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Mini PC Intel N95 Ace Magician

CPU Intel Alder Lake N95 1.7-3.4 Ghz
RAM 16 Gb
Hard Disk 512 Gb SSD
Cores/Threads 4/4
Video Intel
Network 2 x Gbit Ethernet, WiFi 2.4G+5G
Display 1 x HDMI, 1 x DisplayPort
Boot Keys
Del or ESC Enter BIOS Setup
F7 Boot Menu

Partition scheme

Booting from a GNU/Linux live distro (I used the Ubuntu-Studio 22.04 for the operations described in this article) and using parted we can see the hard disk partition scheme:

Model: ATA kimtigo SSD 512G (scsi)
Disk /dev/sda: 512GB
Sector size (logical/physical): 512B/512B
Partition Table: gpt
Disk Flags:

Number  Start   End    Size    File system  Name                          Flags
 1      1049kB  106MB  105MB   fat32        EFI system partition          boot, esp
 2      106MB   123MB  16.8MB               Microsoft reserved partition  msftres
 3      123MB   511GB  511GB   ntfs         Basic data partition          msftdata
 4      511GB   512GB  1258MB  ntfs         Basic data partition          hidden, diag

Here it is the same partition sizes, but in bytes:

Number  Start          End            Size           File system  Name                          Flags
 1      1048576B       105906175B     104857600B     fat32        EFI system partition          boot, esp
 2      105906176B     122683391B     16777216B                   Microsoft reserved partition  msftres
 3      122683392B     510851547135B  510728863744B  ntfs         Basic data partition          msftdata
 4      510851547136B  512109838335B  1258291200B    ntfs         Basic data partition          hidden, diag

The Microsoft reserved partition, according to Wikipedia, should not contain any important data: Microsoft reserves a chunk of disk space using this MSR partition type, to provide an alternative data storage space for such software components which previously may have used hidden sectors on MBR formatted disks.

The 4th partition is flagged as hidden and diag. According to parted documentation hidden means that the partition is hidden to Microsoft operating systems, diag indicates that a partition can be used as a diagnostics / recovery partition.

Resize partition to accommodate GNU/Linux

Backup the existing partitions

Once booted into a a GNU/Linux live distro using an USB stick, use the ntfsclone tool (from the ntfs-3g Debian package) to save an image of the NTFS partitions to an USB mounted external hard disk:

ntfsclone --save-image --output /mnt/win11-sda3-ntfs-msftdata.img    /dev/sda3
ntfsclone --save-image --output /mnt/win11-sda4-ntfs-hidden-diag.img /dev/sda4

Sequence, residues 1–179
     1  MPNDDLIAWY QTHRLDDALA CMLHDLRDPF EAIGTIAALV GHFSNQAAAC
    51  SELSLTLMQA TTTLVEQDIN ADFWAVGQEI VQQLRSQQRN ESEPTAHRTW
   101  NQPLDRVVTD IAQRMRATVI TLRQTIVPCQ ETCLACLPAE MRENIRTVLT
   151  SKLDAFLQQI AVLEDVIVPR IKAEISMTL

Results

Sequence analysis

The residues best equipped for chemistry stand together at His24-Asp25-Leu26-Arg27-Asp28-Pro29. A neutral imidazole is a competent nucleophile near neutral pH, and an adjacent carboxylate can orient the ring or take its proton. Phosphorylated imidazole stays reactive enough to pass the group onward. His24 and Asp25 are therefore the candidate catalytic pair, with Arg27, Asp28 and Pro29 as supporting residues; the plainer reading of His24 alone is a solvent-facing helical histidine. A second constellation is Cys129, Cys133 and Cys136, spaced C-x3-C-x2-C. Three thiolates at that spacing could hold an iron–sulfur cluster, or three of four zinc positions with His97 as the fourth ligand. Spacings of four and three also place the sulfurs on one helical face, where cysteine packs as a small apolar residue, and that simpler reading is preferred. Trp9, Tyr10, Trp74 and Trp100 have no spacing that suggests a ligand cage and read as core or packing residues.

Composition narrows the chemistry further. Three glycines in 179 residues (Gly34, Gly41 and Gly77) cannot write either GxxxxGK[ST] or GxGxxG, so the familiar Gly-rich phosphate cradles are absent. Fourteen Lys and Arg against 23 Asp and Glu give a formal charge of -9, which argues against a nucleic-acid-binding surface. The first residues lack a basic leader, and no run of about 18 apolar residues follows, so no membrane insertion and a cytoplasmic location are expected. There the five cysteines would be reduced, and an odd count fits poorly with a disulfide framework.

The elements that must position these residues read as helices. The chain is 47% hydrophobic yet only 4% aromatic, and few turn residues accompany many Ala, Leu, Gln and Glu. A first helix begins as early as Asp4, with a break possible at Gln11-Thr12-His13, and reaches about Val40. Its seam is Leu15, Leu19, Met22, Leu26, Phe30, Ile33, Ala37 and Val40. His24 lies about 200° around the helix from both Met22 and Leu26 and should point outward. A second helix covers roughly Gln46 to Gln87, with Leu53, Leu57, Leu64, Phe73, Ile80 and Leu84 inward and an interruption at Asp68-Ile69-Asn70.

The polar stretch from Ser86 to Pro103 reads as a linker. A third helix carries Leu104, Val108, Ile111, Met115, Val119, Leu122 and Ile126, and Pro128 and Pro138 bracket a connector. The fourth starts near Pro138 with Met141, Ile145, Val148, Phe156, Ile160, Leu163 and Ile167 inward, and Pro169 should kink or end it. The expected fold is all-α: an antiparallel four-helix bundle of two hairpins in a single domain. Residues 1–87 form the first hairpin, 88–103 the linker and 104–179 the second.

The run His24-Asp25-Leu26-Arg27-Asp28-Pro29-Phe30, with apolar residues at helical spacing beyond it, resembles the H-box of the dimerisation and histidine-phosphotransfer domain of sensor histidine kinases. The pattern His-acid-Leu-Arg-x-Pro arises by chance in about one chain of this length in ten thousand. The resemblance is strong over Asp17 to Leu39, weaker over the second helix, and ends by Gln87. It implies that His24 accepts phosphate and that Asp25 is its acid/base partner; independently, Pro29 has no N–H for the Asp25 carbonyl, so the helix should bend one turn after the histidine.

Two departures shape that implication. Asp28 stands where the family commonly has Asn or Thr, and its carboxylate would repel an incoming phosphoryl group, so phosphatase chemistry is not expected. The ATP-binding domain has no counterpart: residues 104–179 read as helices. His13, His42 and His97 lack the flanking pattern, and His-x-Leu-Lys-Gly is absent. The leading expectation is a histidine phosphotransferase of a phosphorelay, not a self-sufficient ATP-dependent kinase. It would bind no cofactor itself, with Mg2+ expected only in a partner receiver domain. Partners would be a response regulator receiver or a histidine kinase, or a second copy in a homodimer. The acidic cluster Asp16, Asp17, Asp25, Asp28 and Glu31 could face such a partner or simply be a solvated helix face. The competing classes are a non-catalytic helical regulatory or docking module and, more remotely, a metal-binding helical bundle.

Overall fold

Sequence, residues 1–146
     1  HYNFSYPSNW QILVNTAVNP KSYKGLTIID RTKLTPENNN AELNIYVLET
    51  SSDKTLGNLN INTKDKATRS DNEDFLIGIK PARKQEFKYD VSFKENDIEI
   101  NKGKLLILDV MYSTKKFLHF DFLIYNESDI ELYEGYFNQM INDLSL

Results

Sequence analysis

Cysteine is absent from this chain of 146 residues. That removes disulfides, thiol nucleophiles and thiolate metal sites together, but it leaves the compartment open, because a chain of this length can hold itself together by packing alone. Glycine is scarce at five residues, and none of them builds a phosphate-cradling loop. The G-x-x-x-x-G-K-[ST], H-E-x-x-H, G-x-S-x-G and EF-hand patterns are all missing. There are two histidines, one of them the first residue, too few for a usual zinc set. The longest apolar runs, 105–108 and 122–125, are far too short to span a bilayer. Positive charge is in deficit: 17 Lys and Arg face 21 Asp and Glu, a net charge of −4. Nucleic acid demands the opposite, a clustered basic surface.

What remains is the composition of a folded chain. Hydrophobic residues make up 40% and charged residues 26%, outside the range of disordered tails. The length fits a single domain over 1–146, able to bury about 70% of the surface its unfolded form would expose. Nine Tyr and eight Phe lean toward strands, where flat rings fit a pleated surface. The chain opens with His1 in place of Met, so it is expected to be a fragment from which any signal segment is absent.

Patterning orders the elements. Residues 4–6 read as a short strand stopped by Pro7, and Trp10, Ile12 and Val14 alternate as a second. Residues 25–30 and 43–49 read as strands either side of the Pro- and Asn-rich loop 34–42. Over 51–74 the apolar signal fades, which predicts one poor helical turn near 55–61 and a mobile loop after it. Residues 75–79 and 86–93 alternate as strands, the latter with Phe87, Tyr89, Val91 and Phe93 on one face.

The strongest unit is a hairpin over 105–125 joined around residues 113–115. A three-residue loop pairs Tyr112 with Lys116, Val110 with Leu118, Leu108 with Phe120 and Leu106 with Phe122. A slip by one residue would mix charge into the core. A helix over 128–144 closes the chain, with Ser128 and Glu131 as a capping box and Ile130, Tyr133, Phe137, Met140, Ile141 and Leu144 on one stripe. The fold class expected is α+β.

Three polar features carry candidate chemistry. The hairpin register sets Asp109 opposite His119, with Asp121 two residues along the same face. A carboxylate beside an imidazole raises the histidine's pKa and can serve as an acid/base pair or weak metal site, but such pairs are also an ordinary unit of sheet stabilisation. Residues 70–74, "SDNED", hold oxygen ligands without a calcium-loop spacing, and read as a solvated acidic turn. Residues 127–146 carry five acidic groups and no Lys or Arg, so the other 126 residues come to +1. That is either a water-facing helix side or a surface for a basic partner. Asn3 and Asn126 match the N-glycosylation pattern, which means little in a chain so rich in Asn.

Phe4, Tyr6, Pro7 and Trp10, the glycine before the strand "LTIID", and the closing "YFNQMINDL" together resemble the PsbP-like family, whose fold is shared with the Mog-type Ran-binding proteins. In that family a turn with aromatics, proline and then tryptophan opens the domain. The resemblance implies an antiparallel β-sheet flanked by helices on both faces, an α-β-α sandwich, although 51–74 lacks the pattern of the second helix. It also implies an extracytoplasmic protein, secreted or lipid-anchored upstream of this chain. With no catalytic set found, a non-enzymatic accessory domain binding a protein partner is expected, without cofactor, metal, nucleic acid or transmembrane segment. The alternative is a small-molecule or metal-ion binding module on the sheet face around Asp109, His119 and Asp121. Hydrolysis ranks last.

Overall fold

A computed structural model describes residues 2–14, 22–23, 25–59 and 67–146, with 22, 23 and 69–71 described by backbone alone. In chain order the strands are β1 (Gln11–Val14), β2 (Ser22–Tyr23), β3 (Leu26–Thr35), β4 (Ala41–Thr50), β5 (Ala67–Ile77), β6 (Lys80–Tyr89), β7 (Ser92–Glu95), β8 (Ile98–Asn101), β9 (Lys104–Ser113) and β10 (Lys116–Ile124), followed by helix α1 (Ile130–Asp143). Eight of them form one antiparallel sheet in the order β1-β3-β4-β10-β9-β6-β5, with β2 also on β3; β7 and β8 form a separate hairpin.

The small Microsoft reserver partition can be binary dumped into a file:

dd if=/dev/sda2 of=/mnt/win11-sda2-msftres.img bs=1024

The fat32 partitions which contains EFI boot files can be mounted and saved into a zip file:

mkdir /mnt2
mount /dev/sda1 /mnt2
cd /mnt2
zip -r /mnt/ .

Create the Recovery Drive

In Windows 11 search for the Recovery Drive App and choose to create a Recovery Drive, an USB stick with at least 16 Gb of space is required. All data on the USB stick will be deleted. This drive can be used to boot the PC and to restore Windows 11.

The efficiency of the process is ridiculous: it required more than one hour to copy less than 8 Gb of data!

Shrink the Windows partition

Boot into Windows 11 and run the Disk Management tool; right click the Windows C: partition and choose Shrink Volume…. Type the space you want to free up.

Move the free space at the end of the disk

I wish to create new partitions for the GNU/Linux operating system into the free space I recovered, but the free space is allocated between sda3 and sda4: I prefer to move sda4 just after sda3 and have the free space at the end of the disk.

I booted Linux from the live distro and executed sudo partitionmanager; then it was possible to right-click on the sda4 partition and choose Resize/Move, setting zero for Free space before. The modification must be committed clicking the Apply button.

PartitionManager on a Windows 11 disk

Create the GNU/Linux partitions

I opted for creating three partitions: one for the root fileststem, one for the swap and one for the home directories:

Windows 11 and GNU/Linux partitions

For the rootfs partition I reserved about 50 Gb. For the swap I reserved about 16 Gb, checking that it is a little more than the system RAM, in this way I can use the hibernate function (suspend to disk).

Secure Boot

WARNING: Hibernation and resume from hibernation is not compatible with Secure Boot.

Web References

doc/appunti/hardware/mini_pc_intel_n95.txt · Last modified: 2023/07/28 07:44 by niccolo